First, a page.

It's OK for intellectual feminists to like fashion

Blog title from Hadley Freeman's book The Meaning of Sunglasses : "Prada styles itself as the label it's OK for intellectual feminists to like".

The author is a bilingual fashion editor, writer and translator with a serious blog, cinema and magazine habit.

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Email: fashionmemex(at)gmail.com

This needlepoint and lace white Dolce & Gabbana dress is one of my favourite of Autumn/Winter 2012.

First spotted on Emma Stone at the Amazing Spider-Man Spain première, the dress, in its longer runway form, has been doing the fashion editorials round, often styled according to a first degree baroque vibe dictated by the tapestry motive (not to mention the brand collection notes). Australian Vogue went a bit different, going instead for a cow boy background.

Posted at 8:50am and tagged with: which, Emma Stone, celebrity dressing, dream shopping,.

I bought a t-shirt last summer for a lot more money than it was worth. I’ve worn it twice, and it has since been gathering dust, though hopefully not moths, at the bottom of my white t-shirt pile. The official reason is that I ordered it at the end of the summer, and by the time I received it, it was too cold for t-shirts. You could wear it under a jacket, you say? I hear ya.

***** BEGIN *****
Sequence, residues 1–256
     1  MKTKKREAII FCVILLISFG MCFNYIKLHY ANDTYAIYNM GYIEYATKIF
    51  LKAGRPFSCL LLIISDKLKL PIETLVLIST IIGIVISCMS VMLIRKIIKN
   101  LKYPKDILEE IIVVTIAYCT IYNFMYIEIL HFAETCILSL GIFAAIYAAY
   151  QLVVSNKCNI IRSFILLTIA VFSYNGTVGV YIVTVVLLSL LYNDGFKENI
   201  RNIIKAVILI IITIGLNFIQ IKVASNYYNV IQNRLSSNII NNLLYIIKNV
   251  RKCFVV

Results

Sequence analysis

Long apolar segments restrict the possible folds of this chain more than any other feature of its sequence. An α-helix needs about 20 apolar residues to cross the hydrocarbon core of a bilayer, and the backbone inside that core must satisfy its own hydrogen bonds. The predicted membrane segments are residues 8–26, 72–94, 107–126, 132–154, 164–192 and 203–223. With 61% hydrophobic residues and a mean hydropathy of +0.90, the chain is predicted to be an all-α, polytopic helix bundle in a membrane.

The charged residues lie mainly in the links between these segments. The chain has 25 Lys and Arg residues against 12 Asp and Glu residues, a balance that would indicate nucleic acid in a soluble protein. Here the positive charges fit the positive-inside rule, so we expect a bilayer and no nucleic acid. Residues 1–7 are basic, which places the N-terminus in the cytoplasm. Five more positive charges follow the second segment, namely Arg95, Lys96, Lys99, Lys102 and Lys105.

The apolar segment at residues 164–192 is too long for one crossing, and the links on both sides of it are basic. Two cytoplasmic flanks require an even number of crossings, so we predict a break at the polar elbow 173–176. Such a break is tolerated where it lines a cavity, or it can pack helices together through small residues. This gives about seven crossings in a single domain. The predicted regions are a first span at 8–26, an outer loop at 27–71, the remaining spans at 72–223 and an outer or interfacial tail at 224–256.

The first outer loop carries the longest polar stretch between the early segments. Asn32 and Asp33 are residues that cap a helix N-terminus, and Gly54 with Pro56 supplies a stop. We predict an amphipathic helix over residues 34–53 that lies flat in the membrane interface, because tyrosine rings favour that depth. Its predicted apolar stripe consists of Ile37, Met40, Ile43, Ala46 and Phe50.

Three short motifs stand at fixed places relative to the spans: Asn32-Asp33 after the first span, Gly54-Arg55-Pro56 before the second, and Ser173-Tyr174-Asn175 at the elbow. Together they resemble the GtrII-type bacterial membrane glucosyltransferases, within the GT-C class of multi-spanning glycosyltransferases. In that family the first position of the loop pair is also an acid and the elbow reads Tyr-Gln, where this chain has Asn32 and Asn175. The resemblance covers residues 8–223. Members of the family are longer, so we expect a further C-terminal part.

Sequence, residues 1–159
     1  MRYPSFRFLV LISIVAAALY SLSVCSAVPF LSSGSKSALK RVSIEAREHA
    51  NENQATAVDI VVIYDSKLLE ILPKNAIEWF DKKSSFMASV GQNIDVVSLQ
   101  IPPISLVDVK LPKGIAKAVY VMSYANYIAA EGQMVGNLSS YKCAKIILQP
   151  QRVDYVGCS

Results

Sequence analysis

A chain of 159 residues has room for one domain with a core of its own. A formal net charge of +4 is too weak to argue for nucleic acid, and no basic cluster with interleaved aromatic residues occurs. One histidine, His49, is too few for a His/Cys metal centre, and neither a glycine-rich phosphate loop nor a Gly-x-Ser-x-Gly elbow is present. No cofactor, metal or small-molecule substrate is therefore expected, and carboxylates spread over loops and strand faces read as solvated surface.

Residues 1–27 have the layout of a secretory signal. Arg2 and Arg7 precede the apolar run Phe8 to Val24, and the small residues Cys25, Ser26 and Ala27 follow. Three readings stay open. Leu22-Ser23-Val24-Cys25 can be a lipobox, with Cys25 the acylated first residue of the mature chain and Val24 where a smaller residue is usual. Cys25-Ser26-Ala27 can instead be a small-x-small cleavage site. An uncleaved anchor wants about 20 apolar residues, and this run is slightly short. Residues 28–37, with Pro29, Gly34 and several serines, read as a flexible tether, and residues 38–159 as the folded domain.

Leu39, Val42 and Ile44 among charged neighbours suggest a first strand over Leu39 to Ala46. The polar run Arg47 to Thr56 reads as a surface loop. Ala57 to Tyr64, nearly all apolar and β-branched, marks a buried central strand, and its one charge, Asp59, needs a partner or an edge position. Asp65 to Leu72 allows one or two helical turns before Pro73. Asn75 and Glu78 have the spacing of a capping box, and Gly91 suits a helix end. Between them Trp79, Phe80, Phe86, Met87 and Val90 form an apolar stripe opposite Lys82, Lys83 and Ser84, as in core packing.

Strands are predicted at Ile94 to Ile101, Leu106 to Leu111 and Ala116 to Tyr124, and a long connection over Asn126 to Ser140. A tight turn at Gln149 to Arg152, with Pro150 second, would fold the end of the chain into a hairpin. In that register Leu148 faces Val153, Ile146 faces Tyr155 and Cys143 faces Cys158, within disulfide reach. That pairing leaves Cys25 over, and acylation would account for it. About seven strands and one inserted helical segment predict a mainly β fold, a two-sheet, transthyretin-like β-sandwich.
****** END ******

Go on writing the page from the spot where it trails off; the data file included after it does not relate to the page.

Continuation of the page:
Truth is, I can’t face wearing this t-shirt, a reminder of a less than sound financial decision. I went through a similar phase when I bought my Yves Saint Laurent Muse, leaving it in its dust bag for weeks. To this day, it spends more time in than out, although I do carry it from time to time for weeks on end.

Of course, logic dictates that having bought an expensive accessory or item of clothing, I should use it as much as possible, to get my money’s worth. I am however concerned by the quality of the t-shirt, having had a few appalling experiences of button losses with the brand I bought it from. I am not sure how many washes it will withstand before the motif starts fading. As I said, not my most sound purchase.

When I bought this t-shirt, I full-well intended to wear it. I had even started assembling outfits in my minds. As such, it should be differentiated from another category littering my wardrobe but hardly ever worn: the concept clothes.

Concept clothes are bought, generally in the sales, because I either think I look hot in them, have been lusting after them all season long or think they would be perfect for a cocktail party or a date, never mind I never go to either.

Maje is the biggest culprit. There’s the life ambition dress (which I bought, eventually, after annoying the whole family over it), a blue draped dress, which I’ve worn once in over a year of owning, mostly to justify buying it and never giving it to the charity shop, a raspberry pink dress with shoulders as big as its V-neck is low, a skirt made of so many layers of fabric I don’t even know how to get into it and my personal favourite, a corseted white lace dress I can’t get in or out of because the process is just too darn complicated.

The concept dress is beautiful but unpractical. Think silk, significant décolletage, easily creased cloth, dry clean a minimum, specialist clean preferred. It’s only useful if your life is all about sitting pretty and being chauffeured from one fabulous party to another. Think Daphne Guinness.